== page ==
12TH GRADE SEMINAR Required for Grade 12 The 12th Grade Seminar brings a Walker’s student’s learning to its apex. Each of the seminars builds upon the learning acquired during the previous years, deliberately utilizing that learning in new contexts.
College Counseling Senior-year college counseling is a continuation of the work begun in junior year. This seminar focuses on completing and submitting applications, organizing application deadlines and requirements, connecting with admissions representatives, reviewing types of financial aid, and managing post-application requirements. In addition to actively participating in class, students are evaluated based on completion of the following: creating a final list of colleges, filling out the common application suitable for submission, turning in the deadlines and application requirements worksheet, and meeting with college admissions counselors on Walker’s campus.
Self-Selected Capability Learning a self-selected capability is the capstone experience of the Walker’s Capabilities Approach Program. This seminar highlights students’ ability to show how they have mastered their own learning by choosing something they want to learn, developing a learning plan, learning it, and then teaching it to others, all in a structured context. Once they have mastered their capability, they will then teach it to other students in the Lacuna program in February. This experience will provide students with a clear understanding of both their newfound capability and the complex cognitive processes they engaged in to learn it, positioning them well to continue their lifelong quest for learning.
Senior Speech Seniors have the privilege of addressing the entire school on a subject of their choice to exhibit their mastery of public speaking and reflect on their development and learning while at Walker’s. They will use Seminar time to draft, rewrite, and rehearse their Senior Speech, which will be offered at a Morning Meeting or Assembly during the school year.
College Prep Workshops, speakers, and panel discussions cover topics such as personal health and safety, decision making, developing and maintaining healthy relationships, and adjusting to newfound independence, as well as an understanding of the resources that are available to students at the college level. Students will reflect on how social media and mobile devices have changed since they began high school and explore ways that these technologies can impact their lives in college. This course is designed to prepare students for the transition from Walker’s into a college or university setting where much more independence is expected.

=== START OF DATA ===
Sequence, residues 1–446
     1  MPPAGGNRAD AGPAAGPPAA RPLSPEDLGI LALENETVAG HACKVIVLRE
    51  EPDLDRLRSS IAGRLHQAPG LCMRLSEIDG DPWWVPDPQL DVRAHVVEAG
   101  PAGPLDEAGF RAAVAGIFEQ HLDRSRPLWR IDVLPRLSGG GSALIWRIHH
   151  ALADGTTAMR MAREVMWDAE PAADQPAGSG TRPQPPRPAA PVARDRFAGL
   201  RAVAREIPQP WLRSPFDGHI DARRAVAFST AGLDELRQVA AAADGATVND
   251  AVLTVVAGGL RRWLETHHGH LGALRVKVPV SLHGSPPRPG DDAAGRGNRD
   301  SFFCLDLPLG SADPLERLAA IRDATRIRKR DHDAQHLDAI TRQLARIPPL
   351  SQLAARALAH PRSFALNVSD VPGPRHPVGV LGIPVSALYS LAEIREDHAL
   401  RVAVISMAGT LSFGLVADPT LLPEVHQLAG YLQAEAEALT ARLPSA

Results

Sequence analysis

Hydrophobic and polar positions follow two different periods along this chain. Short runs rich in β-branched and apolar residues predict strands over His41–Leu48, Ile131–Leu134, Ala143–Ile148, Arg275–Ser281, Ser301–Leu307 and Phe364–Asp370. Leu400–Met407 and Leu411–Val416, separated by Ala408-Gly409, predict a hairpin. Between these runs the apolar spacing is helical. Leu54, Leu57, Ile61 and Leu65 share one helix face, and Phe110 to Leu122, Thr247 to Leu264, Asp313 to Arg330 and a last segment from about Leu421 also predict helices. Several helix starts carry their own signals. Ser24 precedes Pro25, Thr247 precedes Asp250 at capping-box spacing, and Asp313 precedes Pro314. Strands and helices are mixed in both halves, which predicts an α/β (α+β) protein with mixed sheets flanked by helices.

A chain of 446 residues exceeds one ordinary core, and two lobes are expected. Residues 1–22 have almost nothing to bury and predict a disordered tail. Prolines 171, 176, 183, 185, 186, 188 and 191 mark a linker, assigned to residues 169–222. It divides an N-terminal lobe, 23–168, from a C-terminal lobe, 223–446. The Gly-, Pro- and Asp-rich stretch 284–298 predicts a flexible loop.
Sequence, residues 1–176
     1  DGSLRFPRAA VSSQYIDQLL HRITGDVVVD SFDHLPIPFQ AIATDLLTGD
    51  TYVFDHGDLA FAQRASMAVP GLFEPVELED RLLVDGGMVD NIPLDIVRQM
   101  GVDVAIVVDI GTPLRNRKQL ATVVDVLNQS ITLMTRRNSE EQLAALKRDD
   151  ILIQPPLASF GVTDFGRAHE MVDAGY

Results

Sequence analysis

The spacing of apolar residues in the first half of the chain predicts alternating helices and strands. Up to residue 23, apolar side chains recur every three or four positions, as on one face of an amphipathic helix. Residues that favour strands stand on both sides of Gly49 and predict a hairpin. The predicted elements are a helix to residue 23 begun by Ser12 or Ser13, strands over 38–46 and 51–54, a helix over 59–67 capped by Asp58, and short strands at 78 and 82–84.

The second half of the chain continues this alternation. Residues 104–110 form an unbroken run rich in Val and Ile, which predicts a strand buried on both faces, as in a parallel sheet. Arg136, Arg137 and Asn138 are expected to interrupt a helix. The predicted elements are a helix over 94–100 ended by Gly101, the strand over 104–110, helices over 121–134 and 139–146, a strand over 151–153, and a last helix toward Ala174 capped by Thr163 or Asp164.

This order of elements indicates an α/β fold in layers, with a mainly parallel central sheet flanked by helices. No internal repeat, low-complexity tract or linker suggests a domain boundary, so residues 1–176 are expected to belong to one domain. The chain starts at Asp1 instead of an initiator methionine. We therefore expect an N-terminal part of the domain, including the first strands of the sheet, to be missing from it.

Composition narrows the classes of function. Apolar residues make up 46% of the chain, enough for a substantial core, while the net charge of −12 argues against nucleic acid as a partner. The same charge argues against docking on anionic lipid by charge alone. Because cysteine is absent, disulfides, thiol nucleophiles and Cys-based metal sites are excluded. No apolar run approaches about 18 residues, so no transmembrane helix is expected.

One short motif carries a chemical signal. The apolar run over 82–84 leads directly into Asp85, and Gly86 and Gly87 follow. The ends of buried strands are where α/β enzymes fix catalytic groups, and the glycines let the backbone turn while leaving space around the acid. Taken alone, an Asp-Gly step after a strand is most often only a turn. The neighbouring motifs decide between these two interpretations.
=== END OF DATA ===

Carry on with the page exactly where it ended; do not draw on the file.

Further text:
All students are required to participate in an afternoon co-curricular during each of the three seasons (fall, winter and spring) during the academic year. Each student will select from a variety of offerings every season, and the student must participate in at least one team activity per year. Membership on two seasons of dance companies will fulfill the team requirement. Fall
Cross Country (T) Crosstrain Dance Classes Dance Companies (T) Field Hockey (T) Riding (T)^+ Soccer (T) Volleyball (T) MS Skill Development MS Soccer
Basketball (T) Dance Classes Dance Companies (T) Personal Fitness Riding (T)^+ Robotics Skiing (T)+ Squash (T) Swimming (T) Winter Play (T) Yoga MS Basketball MS Play
Dance Classes Golf (T) Lacrosse (T) Hiking Personal Fitness Riding (T)^+ Softball (T) Spring Musical (T) Tennis (T) MS Skill Development
Note: Co-curriculars are subject to enrollment. (T) Team credit +
Additional fees apply Riding will count as a team sport if the student works at or competes in at least one show AND completes assigned barn hours during that season. Varsity riders must represent Walker’s and show with a Walker’s trainer in at least two shows (IEA or USEF) that season. Participation in riding lessons will not fulfill the team requirement.
CROSSTRAIN Open to Grades 10-12; Grade 9 students with permission; Priority by seniority Fall season Credit: Athletics Students will learn and practice the techniques that have made cross training a popular style of workout option throughout the world. Students will practice proper weight-lifting techniques and learn different ways to enhance their cardiovascular abilities.
PERSONAL FITNESS Open to Grades 9-12; priority by seniority Winter and spring seasons Credit: Athletics This course is designed to teach the basic components of fitness and to assist a student in designing an individual workout program. Students will develop greater understanding of the role fitness components play in managing overall health-related fitness. Activities include fitness assessment and work on both aerobic and strength training equipment.
HIKING Open to Grades: 9-12 Spring season Credit: Athletics Students will take hikes into the woods extending from our school campus and beyond, into the beautiful rural countryside. In addition to regular physical exercise, hikers can expect to learn about and sketch the flora and fauna of our natural environment here in Connecticut. Stewardship of this landscape, pressing ecological concerns, and our human position within the natural world will be discussed on our daily walks together.
YOGA Open to Grades: 9-12 Winter season Credit: Athletics Students will explore yoga postures, philosophy and learn the therapeutic benefits of yoga. Activities will include yoga, dance and movement. Students will explore yoga postures and poses called asanas and move through vinyasas, sequences created to address specific areas of the body and state of mind. The physical practice will help increase flexibility and strength. Pranayama, or breathing techniques, will be taught and practiced to help with stress reduction and nourishing the body. Yogic philosophy and history will also be included, as well as an introduction to meditation. Some types of yoga that will be explored include vinyasa, restorative, gentle, Yin, and Kundalini along with others.